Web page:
The trouble is, both Keenan and Michelman are soldiers; their primary job is to defend abortion rights. Even clinic workers weren’t always comfortable talking about moral complexity. “In the beginning,” recalls Johnston, “we were so afraid of Roe being overturned we didn’t want to do anything to jeopardize legal abortions. So things like the reality of abortion—all those posters showing bloody fetal tissue—we freaked out at it, and if people used to ask ‘Am I going to regret this?’ or ‘Is God going to punish me?’ the questions would stop some of us cold.” But sustained exposure to the worries of women making this decision, day after day, year after year, has a way of changing things, and in the past decade, some of the most emotionally honest pro-choice materials—workbooks, DVDs, websites—and conversation have come from people who’ve been at patients’ sides.
Particularly the academic literature. In “The Things We Cannot Say,” published last year in Women’s Studies Quarterly, Jeannie Ludlow describes the experience of seeing repeat-abortion patients—“I love you guys, but I hope I never see you again!” says one as she leaves the clinic—and dares the pro-choice movement to own up to the fact that it’s these women, much more so than rape and incest victims, whom they’re defending: average, fallible people who on occasion screw up their birth control. And then there was Harris, who wrote about performing an abortion on a woman who was 23 weeks along and then immediately running to deliver a premature baby … of 23 to 24 weeks. “I thought to myself how bizarre it was that I could have legally dismembered this fetus-now-newborn if it were inside its mother’s uterus,” she writes, “but that the same kind of violence against it now would be illegal, and unspeakable.” Later she notes, “Currently, the violence and, frankly, the gruesomeness of abortion is owned only by those who would like to see abortion (at any time in pregnancy) disappear.”
The girl, a high-school sophomore from a small rural town, is curled up in a ball in her seat, her giant sweatshirt pulled down low over her gym shorts. Her mother, trim and erect and clearly stunned, can barely squeak out her question: “It’s too late for her to have an abortion now, right?”
“Well,” says Keyes, looking at the daughter, “you can’t have one at this clinic. There’s one hospital in Pittsburgh where they do it, but it’s often hard to get an appointment.” She looks at the patient’s folder. Her sonogram says she’s 21-weeks pregnant, which means the fetus—or baby—is nearly a foot long. “Oh. You live in West Virginia. Why does life have to be so complicated?” She closes it. “There are a few other places you can go, if you still decide that an abortion is what’s appropriate for you. One would be D.C. There’s also Cleveland. New York. And Philadelphia.”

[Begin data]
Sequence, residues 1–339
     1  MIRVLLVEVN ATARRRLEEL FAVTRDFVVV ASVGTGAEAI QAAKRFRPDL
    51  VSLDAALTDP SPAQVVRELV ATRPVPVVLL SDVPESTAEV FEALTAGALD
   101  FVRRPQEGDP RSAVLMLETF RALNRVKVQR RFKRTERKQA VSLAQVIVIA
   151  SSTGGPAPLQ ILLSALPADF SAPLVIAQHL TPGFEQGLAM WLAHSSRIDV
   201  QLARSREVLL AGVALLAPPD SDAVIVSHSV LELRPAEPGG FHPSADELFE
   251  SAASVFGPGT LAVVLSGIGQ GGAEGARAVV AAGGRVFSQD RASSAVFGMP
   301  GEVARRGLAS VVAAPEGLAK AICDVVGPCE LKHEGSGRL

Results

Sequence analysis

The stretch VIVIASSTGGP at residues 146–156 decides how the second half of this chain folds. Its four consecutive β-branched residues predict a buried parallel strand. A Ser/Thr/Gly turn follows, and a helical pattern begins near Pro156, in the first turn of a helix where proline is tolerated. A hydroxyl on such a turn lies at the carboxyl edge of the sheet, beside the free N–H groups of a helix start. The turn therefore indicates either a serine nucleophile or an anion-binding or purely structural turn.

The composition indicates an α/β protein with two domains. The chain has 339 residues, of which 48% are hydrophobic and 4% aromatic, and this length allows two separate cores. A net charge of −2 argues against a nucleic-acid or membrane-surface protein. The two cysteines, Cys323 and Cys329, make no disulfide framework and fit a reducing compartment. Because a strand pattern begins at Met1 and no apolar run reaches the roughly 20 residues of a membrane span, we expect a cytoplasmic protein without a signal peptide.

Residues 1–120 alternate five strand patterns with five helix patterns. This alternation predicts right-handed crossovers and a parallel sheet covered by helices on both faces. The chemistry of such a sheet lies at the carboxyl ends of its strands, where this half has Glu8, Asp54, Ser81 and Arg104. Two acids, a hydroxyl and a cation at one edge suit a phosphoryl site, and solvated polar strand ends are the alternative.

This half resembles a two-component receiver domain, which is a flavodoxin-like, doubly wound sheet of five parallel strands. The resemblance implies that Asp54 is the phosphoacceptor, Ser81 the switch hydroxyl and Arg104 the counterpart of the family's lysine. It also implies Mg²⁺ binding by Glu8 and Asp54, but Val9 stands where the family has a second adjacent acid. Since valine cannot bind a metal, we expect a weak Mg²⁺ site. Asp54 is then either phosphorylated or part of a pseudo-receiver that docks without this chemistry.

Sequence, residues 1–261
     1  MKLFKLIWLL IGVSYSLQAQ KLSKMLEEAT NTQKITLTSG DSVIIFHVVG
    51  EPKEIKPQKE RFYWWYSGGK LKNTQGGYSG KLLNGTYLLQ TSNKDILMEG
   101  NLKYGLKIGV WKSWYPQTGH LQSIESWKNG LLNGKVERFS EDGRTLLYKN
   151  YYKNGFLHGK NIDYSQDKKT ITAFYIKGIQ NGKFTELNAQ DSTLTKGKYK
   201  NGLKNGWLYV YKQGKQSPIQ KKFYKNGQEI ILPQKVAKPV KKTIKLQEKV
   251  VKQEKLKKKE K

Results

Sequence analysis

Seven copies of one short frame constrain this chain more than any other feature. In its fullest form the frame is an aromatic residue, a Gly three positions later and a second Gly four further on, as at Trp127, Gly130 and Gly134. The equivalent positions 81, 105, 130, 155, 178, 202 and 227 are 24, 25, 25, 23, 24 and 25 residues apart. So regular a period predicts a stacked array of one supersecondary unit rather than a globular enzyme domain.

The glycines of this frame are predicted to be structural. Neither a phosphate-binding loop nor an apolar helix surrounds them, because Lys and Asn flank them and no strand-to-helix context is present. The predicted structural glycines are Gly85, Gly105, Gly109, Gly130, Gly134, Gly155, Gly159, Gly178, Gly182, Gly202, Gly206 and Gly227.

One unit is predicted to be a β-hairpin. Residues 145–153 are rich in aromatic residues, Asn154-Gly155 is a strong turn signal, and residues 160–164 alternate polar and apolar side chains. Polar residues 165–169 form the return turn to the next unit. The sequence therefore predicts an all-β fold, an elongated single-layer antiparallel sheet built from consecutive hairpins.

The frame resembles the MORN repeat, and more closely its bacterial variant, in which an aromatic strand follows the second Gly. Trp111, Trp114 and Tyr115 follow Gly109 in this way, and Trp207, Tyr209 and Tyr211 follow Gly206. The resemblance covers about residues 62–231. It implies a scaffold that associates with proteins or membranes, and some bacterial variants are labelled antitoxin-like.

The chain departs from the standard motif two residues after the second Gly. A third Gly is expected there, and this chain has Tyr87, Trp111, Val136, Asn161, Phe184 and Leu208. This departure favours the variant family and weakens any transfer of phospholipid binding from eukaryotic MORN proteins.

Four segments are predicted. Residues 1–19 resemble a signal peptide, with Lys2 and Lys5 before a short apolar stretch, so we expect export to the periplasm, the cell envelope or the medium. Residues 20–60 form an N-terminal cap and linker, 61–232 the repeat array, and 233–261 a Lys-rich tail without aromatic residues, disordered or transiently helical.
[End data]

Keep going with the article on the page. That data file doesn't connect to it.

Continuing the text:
As a political matter, it has always been safest to discuss second-trimester abortions in the context of a looming tragedy: women whose lives are endangered by the pregnancy, women who discover terrible fetal anomalies. But they’re not the only women who get them. Some are extremely poor and only scrape together the money for the procedure when it’s nearly too late. Some are drug addicts or mentally unstable. And some, like this patient, are 15 years old. Adolescents have an amazing capacity for denial. And when girls are this young, their periods are so irregular and their birth-control literacy is so poor they often have no idea they’re pregnant until the baby starts to kick.
Keyes turns to the daughter. “Is there anything you want to ask me?”
The girl is catatonic. Then: “Are they positive? I went to the thing in July”—by which she means her local health department, in order to get birth-control pills—“and when I had a pregnancy test, I wasn’t pregnant.”
Keyes stands up to get a pregnancy calculator wheel. “When in July?”
“Okay. Fourth of July, we’ll call it.” She spins the wheel and turns it upside-down to show the girl. “If you got pregnant on the Fourth of July, that puts you at 21 weeks. So you were pregnant either right when you went for your pills, or right before, or right after. Which means it didn’t show up.”
The girl is impassive. Her mother is holding her head in her hand. “So if we can’t do it at the hospital here, the closest place to us would be where? Cleveland?”
Keyes consults some literature and determines that it is. One clinic goes to 22 weeks, the other to 24. “Here’s one thing I’d advise,” she says. “Make the appointment, because that way, at least you’re on the books. People don’t do this procedure every day, and it takes three days.”